Description: This course is designed to give the student a clear understanding of the pathophysiology of the menstrual cycle, fertilization, implantation, ovum growth development, differentiation and associated abnormalities. Disorders of fetal development including the principles of teratology and the mechanism of normal and abnormal parturition will be covered, as well as ethical issues in reproductive science and significant medical issues affecting pregnant women such as pre-eclampsia and diabetes. Fetal asphyxia and its consequences will be reviewed with emphasis on the technology currently available for its detection. In addition the conclusion of the reproductive cycle, menopause, and the use of hormonal replacement will be covered. Emphasis on quantitative techniques, when applicable, including modern approaches to fetal surveillance and in vitro fertilization as well as prenatal diagnosis will be employed. Each lecture will be complemented by a brief clinical pathologic conference emphasizing relevant clinical applications of basic principles discussed in the lectures. Weekly thought questions will be assigned and a multiple choice final examination is given.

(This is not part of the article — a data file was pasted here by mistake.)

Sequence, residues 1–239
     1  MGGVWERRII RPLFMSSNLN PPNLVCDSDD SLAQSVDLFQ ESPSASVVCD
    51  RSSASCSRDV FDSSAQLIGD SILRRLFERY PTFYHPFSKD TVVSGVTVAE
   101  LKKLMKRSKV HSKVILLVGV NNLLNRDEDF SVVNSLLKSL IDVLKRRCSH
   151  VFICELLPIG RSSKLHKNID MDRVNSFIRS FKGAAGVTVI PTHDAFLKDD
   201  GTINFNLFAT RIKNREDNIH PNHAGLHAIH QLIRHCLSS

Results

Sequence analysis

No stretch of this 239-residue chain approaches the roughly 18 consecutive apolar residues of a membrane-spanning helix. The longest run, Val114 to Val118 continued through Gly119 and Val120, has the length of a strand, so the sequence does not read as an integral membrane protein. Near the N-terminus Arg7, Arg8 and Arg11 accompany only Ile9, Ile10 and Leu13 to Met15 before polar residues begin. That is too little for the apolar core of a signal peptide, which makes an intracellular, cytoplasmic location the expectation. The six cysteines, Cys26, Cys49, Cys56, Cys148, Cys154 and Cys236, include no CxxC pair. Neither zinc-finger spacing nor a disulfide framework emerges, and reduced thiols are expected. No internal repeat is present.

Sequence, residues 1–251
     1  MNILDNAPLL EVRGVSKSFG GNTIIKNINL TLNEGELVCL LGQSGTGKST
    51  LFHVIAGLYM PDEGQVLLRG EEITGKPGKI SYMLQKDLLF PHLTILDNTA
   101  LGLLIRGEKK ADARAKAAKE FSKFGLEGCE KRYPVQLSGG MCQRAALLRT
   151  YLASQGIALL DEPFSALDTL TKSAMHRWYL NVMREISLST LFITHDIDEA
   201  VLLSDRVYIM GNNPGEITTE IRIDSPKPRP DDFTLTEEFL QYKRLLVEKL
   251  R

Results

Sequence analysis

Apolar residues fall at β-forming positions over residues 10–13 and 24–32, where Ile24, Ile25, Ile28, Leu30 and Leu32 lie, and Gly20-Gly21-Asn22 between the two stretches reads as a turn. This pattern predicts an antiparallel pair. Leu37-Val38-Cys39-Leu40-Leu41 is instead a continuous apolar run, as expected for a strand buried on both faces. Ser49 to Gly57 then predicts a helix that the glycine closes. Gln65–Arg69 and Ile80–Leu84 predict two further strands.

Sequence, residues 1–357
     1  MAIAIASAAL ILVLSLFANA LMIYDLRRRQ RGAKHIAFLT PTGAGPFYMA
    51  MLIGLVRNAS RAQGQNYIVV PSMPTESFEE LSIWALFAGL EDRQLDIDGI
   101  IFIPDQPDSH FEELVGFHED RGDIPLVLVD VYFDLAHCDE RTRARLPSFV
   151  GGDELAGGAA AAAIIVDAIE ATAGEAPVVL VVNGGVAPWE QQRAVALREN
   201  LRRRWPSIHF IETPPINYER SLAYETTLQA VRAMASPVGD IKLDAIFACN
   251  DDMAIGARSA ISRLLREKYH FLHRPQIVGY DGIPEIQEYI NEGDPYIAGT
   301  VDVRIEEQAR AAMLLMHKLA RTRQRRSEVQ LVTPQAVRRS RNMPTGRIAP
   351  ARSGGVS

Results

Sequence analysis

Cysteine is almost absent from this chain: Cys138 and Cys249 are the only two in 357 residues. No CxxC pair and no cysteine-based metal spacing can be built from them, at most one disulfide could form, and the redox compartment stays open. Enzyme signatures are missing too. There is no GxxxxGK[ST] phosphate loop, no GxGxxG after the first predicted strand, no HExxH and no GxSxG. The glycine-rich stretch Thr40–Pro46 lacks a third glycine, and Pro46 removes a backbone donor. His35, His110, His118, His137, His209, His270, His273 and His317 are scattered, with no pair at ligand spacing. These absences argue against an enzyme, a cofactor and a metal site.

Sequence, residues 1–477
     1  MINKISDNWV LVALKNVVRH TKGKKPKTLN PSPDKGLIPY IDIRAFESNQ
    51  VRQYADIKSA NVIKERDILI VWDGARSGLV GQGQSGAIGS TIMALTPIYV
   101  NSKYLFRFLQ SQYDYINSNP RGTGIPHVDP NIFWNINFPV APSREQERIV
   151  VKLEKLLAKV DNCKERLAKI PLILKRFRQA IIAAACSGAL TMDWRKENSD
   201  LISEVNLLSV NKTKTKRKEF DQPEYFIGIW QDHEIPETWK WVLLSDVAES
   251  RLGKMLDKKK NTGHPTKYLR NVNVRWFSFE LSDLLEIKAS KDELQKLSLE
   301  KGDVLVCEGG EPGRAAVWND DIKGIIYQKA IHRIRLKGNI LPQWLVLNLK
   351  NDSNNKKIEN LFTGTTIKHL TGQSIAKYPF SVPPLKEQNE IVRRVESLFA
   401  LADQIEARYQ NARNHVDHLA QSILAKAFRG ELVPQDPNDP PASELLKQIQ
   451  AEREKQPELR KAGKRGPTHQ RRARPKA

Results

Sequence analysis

Professors: Michael Williams